Verse 30. "Go and set it on fire" - This was strange conduct, but it had the desired effect. He had not used his influence to get Absalom to court; now he uses it, and succeeds.
ADDITIONAL observations on ver. xxvi. - "And at every year's end, he (Absalom) polled his head; and he weighed the hair at two hundred shekels." The very learned Bochart has written a dissertation on this subject (vide Bocharti Opera, vol. iii., col. 883, edit. Lugd. 1692) in a letter to his friend M. Faukell. I shall give the substance in what follows.
There is nothing more likely than that corruptions in the Scripture numerals have taken place. Budaeus de Asse (lib. ii., p. 49 and 51, also lib. iii., p. 67 &c.) complains loudly of this.
This might easily have happened, as in former times the numbers in the sacred writings appear to have been expressed by single letters. The letter r resh stands for two hundred, and might in this place be easily mistaken for d daleth which signifies four; but this may be thought to be too little, as it would not amount to more than a quarter of a pound; yet, if the two hundred shekels be taken in the amount will be utterly incredible; for Josephus says, (Antiq. lib. vii., cap. 8,) siklouv diakosiouv, autoi de eisi pente mnai, i.e., "Two hundred shekels make five minae," and in lib. xiv., cap. 12. he says, Ęh de mna parĘ hmin iscei litrav bĘ kai hmisu; "And a mina with us (i.e., the Jews) weighs two pounds and a half." This calculation makes Absalom's hair weigh twelve pounds and a half! Credat Judaeus Apella! Indeed, the same person tells us that the hair of Absalom was so thick, &c., wv moliv authn hmeraiv apokeirein oktw, "that eight days were scarcely sufficient to cut it off in! "This is rabbinism, with a witness.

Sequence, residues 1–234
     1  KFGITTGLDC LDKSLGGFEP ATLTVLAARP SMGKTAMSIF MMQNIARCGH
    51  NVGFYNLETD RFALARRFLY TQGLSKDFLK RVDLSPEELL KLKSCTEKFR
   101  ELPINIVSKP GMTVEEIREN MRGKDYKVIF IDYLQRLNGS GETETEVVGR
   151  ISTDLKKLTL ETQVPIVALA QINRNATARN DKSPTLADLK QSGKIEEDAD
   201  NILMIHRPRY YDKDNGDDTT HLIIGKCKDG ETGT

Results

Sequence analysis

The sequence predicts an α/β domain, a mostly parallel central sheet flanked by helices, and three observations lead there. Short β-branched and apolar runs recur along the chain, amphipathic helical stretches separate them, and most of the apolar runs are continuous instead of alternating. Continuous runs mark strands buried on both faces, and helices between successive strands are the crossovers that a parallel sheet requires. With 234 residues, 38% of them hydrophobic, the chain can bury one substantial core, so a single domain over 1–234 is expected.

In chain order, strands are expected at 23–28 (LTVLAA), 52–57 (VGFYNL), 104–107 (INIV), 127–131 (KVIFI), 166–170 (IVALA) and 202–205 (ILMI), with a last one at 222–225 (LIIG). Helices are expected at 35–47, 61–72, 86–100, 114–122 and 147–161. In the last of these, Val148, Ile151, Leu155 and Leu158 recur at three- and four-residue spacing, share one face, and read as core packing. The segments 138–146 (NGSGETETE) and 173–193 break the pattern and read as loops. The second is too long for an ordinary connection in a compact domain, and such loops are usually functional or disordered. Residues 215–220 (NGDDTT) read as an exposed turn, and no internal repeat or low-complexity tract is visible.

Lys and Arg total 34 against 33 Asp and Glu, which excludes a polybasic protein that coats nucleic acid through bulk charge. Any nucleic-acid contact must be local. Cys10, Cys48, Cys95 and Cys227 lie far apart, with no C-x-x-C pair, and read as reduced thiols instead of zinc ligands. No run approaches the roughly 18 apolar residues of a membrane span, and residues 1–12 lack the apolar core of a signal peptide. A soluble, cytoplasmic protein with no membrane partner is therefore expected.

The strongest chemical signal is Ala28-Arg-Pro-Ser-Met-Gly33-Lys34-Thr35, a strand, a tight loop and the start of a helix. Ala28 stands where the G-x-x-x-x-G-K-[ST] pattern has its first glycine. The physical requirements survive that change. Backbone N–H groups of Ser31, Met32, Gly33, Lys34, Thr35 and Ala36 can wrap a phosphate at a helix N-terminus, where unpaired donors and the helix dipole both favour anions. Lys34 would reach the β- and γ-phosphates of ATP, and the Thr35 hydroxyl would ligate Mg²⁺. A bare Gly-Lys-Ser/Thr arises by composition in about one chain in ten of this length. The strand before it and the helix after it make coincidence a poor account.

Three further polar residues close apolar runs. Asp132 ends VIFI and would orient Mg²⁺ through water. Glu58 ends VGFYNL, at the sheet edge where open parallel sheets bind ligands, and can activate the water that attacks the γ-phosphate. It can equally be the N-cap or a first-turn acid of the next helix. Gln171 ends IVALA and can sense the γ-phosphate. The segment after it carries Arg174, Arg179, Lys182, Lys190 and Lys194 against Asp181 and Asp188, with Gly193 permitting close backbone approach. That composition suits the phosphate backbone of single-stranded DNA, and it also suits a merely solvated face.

Epiphanius, in his treatise Deuteronomy Ponderibus et Mensuris, casts much more light on this place, where he says, siklov o legetai kai kodranthv tetarton men esti thv ougkiav, hmisu de tou stathrov, duo dracmav ecwn; "A shekel, (i.e., a common or king's shekel, equal to half a shekel of the sanctuary,) which is called also a quarter, is the fourth part of an ounce, or half a stater; which is about two drachms." This computation seems very just, as the half- shekel, (i.e., of the sanctuary,) Exod. xxx. 13, which the Lord commanded the children of Israel to give as an offering for their souls, is expressly called in Matt. xvii. 24, to didracmon, "two drachms:" and our Lord wrought a miracle to pay this, which the Romans then exacted by way of tribute: and Peter took out of the fish's mouth a stater, which contained exactly four drachms or one shekel, (of the sanctuary), the tribute money for our Lord and himself.
The king's shekel was about the fourth part of an ounce, according to what Epiphanius says above; and Hesychius says the same: dunatai de o siklov duo oracmav attikav; "A shekel is equal to, or worth, two Attic drachms." The whole amount, therefore, of the two hundred shekels is about fifty ounces, which make four pounds two ounces, Troy weight, or three pounds two ounces, Avoirdupois. This need not, says my learned author, be accounted incredible, especially as abundance of oil and ointments were used by the ancients in dressing their heads; as is evident, not only from many places in the Greek and Roman writers, but also from several places in the sacred writings. See Psa. xxiii. 5; Ecclesiastes ix. 8; Matt. vi. 17.